Elon Musk explains Tesla’s pure vision approach to Autopilot and Full Self-Driving

A recent set of updates from Elon Musk has revealed that Tesla is looking to eventually update its Autopilot and Full Self-Driving suite to a camera-based system. This means that in the future, Tesla’s all-electric vehicles would be navigating themselves and performing driver-assist functions without the use of components such as radar. 

Musk’s update came as a response to a post from Tesla owner and FSD Beta user @WholeMarsBlog, who shared a clip of his Model 3 navigating away from a parking lot to its destination without input from its driver. In his response, Musk noted that FSD Beta V9.0, which has been highly-anticipated by the EV community, is almost ready. 

Elaborating further, Musk explained that the V9.0 update should improve the FSD Beta’s performance in corner cases and bad weather, which remain challenging to the advanced driver-assist system today. But this was not all, as Musk noted that the update would be “pure vision, no radar.” When prodded further, the Tesla CEO admitted that Tesla eventually plans to get rid of radar altogether in its future vehicles. 

Unsurprisingly, Musk’s statements about Tesla’s impending removal of radar attracted its own fair share of critics, many of whom argued that a pure vision approach is a step backward. This is especially notable as Tesla is already using fewer sensors for its driver-assist systems compared to competitors like Cruise and Waymo, both of whom rely on lidar and high-definition maps to navigate.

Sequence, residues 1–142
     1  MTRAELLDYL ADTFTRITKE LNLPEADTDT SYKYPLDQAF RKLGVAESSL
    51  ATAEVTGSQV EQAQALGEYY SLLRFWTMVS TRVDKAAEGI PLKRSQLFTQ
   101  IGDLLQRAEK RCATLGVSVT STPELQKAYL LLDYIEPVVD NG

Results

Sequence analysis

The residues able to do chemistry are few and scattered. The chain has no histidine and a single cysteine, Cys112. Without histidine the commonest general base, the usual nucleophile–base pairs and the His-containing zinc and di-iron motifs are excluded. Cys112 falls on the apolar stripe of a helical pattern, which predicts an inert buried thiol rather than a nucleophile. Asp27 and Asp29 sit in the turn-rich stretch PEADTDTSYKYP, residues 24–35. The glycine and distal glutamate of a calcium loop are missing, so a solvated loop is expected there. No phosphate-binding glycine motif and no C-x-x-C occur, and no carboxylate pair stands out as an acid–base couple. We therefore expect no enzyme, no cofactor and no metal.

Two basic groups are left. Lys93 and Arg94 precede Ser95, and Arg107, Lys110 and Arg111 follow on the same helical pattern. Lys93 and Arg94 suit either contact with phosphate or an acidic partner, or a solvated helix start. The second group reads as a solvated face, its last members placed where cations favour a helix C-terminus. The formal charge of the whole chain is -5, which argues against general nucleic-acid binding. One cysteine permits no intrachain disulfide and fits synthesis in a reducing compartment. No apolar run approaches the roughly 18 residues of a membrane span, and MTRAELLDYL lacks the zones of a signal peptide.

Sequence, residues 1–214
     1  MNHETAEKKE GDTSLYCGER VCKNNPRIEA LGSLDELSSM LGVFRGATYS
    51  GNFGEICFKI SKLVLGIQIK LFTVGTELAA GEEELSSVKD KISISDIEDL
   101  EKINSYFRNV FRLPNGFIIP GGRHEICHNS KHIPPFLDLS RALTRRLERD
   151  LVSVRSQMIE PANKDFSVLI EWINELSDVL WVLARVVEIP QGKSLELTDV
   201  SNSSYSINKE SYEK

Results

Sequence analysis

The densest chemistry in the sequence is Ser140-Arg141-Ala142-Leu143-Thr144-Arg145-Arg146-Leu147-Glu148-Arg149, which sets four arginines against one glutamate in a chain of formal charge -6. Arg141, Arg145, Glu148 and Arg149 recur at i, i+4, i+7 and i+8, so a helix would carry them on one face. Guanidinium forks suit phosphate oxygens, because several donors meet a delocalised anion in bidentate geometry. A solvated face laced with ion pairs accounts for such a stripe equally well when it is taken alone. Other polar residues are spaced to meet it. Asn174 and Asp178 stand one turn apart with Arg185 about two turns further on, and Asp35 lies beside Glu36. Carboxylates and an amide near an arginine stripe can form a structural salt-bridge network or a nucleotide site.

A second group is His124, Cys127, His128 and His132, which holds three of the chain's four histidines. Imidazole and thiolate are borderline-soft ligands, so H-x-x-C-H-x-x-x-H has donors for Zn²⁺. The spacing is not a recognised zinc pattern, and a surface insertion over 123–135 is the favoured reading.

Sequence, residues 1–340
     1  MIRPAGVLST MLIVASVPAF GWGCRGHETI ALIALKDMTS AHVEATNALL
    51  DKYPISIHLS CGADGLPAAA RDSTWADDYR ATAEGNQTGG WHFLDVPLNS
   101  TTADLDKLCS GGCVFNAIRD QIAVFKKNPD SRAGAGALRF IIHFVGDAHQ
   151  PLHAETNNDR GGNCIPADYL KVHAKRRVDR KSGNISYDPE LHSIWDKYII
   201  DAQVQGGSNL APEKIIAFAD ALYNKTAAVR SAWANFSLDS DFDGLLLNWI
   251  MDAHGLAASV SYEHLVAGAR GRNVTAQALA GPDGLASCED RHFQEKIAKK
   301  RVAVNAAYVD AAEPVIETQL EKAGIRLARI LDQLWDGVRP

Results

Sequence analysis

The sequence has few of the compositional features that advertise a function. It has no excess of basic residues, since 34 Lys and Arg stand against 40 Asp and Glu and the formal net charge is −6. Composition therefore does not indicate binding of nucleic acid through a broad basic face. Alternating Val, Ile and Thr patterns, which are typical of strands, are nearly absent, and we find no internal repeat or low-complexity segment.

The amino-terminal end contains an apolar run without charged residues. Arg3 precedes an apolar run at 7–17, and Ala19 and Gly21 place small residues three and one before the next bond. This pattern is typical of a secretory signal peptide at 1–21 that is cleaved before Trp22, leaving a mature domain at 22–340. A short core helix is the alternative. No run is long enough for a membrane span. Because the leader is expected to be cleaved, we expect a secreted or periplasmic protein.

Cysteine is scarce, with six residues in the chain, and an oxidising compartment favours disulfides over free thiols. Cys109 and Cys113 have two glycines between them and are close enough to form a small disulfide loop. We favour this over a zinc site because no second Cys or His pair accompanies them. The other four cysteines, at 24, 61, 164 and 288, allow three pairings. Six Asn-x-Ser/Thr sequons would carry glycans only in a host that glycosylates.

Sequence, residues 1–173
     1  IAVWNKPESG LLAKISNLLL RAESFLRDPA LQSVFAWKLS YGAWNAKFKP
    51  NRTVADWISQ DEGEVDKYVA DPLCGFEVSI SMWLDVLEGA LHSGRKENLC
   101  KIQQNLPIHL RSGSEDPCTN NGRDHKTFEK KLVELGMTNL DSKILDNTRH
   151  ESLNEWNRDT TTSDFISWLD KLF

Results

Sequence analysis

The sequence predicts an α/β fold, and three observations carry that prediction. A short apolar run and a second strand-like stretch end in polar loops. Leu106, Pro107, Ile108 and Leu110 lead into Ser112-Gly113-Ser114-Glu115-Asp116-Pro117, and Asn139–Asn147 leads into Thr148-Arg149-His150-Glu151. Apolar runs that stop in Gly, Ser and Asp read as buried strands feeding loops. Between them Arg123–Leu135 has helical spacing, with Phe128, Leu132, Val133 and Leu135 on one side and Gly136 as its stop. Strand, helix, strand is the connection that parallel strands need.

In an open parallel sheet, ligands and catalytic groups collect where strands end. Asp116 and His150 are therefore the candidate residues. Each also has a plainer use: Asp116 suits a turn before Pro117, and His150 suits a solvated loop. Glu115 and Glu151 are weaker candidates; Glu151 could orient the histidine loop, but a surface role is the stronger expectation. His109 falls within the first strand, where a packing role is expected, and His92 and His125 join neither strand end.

Musk responded to these concerns, highlighting that ultimately, vision has the potential to be far superior to radar. 

“When radar and vision disagree, which one do you believe? Vision has much more precision, so better to double down on vision than do sensor fusion. Sensors are a bitstream and cameras have several orders of magnitude more bits/sec than radar (or lidar). Radar must meaningfully increase signal/noise of bitstream to be worth complexity of integrating it. As vision processing gets better, it just leaves radar far behind,” Musk explained. 

Tesla’s approach to full self-driving is partly based on the notion that humans do 100% of their driving through vision alone, without any radar or lidar use. This was highlighted by Tesla executives since Autonomy Day back in 2019, when the company unveiled its custom FSD computer. As for concerns about whether cameras could provide the same level of safety as radar in detecting what is happening several cars ahead, Musk noted that there’s a high probability that vision could perform just as well. 

“These things are best thought of as probabilities. There are 5 forward-facing cameras. It is highly likely that at least one of them will see multiple cars ahead,” Musk said. 

Tesla is not the only company in the market that is looking into a vision-only approach. Last year, Intel Corp released a video of an autonomous car from MobilEye that was navigating around Jerusalem for about 20 minutes. Unlike other self-driving vehicles, MobilEye’s car was only equipped with a suite of cameras and nothing else. The brief video was impressive, showing the MobilEye autonomous car going through four-way intersections with no traffic lights, as well as inner-city lanes that required the vehicle to avoid pedestrians. 

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